The Zimmerman Verdict Is a Wakeup Call to Address the Deep and Structural Injustices in America
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“They call it due process and some people are overdue… Somebody said ‘brother-man gonna break a window, gonna steal a hubcap, gonna smoke a joint, brother man gonna go to jail.’ The man who tried to steal America is not in jail… And America was ‘shocked.’ America leads the world in shocks. Unfortunately, America does not lead the world in deciphering the cause of shock…” - We Beg Your Pardon (Pardon Our Analysis) by Gil Scott-Heron
No matter how many times I live through moments like these, it never gets any easier. Trayvon Martin, Oscar Grant, John T. Williams, Henry Glover, Juan Herera, Amadou Diallo, Iman Morales,Eleanor Bumpers, Vincent Chin, Addie Mae Collins, Cynthia Wesley, Carole Robertson, Denise McNair, Emmett Till… There are so many more names to recall. There are so many names I don’t know. And they number into the millions, over centuries as we are reminded over and over again that for people of color in this country, our lives are cheap.
I think my friend Dennis said it best when he observed that Trayvon was convicted of his own murder.
My heart goes out to Trayvon's family and all of us who are feeling the trauma and pain in this moment. It is wrong. It is an atrocity. There's no way this verdict would have gone down if Trayvon was white. The legal argument that led to this verdict, which is centuries old, could not exist without de facto acceptance of racism as legitimate motive and Blackness itself as life threatening.
With each of these cases, we find ourselves in a kind of shock. As in how could the country that brought you slavery, the Alamo, small pox blankets and waterboarding do such a thing? Again? Many of us believe there is a “real” America, which is noble and great and if only we could take her “back” and let her be as she was intended, everything would be alright.
I’m betting that that’s going to work about as well as any other abusive relationship. It’s time for a change.
The Zimmerman trial was essentially an opportunity to lay more legal groundwork to advance vigilantism. Let’s face it. This is a standard ‘go to’ move in the white supremacy handbook because the vigilante state is particularly important when the “majority” becomes a “minority” as a way to hold power without the pretense of democracy. Unlike Malcolm X in his famous 1964 speech The Ballot or the Bullet, white supremacy works to hold down the ballot and the bullet. It is not an “either or” proposition.
What is most important, however, is the structural analysis and strategy that undergirds their work. Much of our work – in stark contrast – is focused at the level of individual casework. And it’s just not enough.
We often labor under the mistaken assumption that law is created by case history and argued in courts. As a result, the bulk of resources targeted for racial justice work are invested in groups engaged in legal defense strategies. Yet, law is so much more than cases. Law is a fluid amalgamation of principle – ideals like freedom, liberty, equality; public perception and meaning – how we come to understand what principles mean in our current context; code – the nitty gritty words and technicalities that make up how these principles are implemented to and for whom; andcoercion and intimidation – we follow laws that don’t work for us because we’d rather not deal with the consequences.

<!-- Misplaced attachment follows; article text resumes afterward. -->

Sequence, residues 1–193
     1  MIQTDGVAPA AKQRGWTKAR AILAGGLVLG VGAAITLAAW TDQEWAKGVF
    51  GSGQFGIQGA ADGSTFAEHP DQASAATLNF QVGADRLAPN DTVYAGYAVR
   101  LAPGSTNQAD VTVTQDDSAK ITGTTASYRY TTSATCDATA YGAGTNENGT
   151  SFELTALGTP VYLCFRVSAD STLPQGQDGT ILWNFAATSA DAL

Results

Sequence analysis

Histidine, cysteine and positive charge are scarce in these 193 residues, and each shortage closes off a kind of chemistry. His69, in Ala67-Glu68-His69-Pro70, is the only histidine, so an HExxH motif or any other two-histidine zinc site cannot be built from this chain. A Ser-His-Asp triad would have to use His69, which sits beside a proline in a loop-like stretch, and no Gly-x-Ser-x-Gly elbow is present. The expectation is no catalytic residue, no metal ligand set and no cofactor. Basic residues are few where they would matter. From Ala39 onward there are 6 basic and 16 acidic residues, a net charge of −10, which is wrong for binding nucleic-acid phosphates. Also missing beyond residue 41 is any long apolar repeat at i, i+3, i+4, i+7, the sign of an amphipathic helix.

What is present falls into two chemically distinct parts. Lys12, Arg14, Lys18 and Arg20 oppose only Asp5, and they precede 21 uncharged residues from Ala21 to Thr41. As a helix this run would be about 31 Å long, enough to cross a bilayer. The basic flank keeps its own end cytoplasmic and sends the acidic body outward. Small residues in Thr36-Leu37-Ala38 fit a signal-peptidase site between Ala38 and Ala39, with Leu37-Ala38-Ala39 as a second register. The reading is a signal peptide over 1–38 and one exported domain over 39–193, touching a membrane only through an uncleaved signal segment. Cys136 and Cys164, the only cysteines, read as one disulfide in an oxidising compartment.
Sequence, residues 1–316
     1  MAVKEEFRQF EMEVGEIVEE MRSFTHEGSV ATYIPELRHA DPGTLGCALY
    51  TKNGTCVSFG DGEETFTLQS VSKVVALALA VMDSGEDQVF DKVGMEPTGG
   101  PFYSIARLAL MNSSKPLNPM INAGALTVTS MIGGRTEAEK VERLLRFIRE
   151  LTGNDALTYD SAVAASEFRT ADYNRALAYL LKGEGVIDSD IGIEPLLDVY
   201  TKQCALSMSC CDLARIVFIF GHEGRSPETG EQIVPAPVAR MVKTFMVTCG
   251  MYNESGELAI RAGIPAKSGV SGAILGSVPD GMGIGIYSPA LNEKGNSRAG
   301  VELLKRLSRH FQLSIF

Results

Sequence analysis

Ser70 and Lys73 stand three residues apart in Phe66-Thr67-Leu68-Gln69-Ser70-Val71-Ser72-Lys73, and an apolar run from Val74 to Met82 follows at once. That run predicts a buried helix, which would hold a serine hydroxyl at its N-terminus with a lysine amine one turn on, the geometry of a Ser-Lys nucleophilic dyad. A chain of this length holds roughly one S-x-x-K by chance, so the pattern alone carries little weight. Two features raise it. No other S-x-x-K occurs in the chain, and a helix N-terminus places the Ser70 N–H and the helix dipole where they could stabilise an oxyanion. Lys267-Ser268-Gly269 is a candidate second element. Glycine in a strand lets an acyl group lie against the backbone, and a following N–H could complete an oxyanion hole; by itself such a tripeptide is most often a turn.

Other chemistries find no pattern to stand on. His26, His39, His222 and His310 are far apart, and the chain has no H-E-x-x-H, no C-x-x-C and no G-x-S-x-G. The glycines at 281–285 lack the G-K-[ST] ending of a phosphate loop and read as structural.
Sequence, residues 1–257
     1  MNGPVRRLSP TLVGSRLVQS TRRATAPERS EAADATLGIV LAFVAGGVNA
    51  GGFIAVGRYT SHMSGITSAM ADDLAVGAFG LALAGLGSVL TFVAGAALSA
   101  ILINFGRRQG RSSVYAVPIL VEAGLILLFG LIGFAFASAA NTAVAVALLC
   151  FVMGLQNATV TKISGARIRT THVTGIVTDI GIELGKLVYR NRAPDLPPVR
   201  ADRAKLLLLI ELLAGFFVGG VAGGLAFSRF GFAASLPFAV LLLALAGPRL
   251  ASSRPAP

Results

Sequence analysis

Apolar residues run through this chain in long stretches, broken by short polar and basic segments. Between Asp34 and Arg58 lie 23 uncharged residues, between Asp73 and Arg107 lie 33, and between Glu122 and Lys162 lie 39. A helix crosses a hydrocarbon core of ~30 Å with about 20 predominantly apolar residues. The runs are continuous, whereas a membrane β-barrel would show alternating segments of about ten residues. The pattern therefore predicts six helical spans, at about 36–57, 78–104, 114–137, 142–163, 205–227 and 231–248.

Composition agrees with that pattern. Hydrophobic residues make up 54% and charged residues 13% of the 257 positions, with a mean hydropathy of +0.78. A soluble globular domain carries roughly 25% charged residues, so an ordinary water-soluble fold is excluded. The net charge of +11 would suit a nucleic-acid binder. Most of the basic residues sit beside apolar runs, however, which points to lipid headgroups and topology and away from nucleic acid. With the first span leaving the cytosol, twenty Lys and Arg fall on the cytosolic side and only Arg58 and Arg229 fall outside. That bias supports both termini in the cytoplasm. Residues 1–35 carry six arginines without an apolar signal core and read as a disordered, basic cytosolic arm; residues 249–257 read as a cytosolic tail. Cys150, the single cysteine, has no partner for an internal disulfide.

The Right understands the importance of all these elements in the forging of law and social norms. They push for cases that push us on all these fronts. They work to control not only the public narrative but the institutions that shape meaning and teach us what to think about the world and each other. And they defend vigilante and state violence that works to limit our freedom, our mobility and even our dreams of what’s possible for our children. Trying to counter these efforts with law centered strategy is like expecting to beat a card shark at poker – using their marked deck.
Yes, we should support efforts to bring Zimmerman up on civil rights charges and boycott the companies that fund groups like ALEC that are responsible for the law that made his acquittal possible. We also need a DOJ investigation and suit to address the blatantly racist patterns in the application of stand your ground type laws and extrajudicial killings in general. We must also be more adept at leveraging human rights tools at our disposal to take our efforts beyond the limited framework of the Constitution and reimagine remedies at a macro-systemic level including, yes, even reparations.
Ending this tragic history of murder and mayhem; ensuring that there are no more Trayvons or Oscars or Vincents or Addie Maes requires an upending of the deeply entrenched structures that led to their deaths in the first place. Let’s hope that this latest wakeup call will inspire more of us to take on the deeper work of structural transformation to make tragedies like these a thing of the past.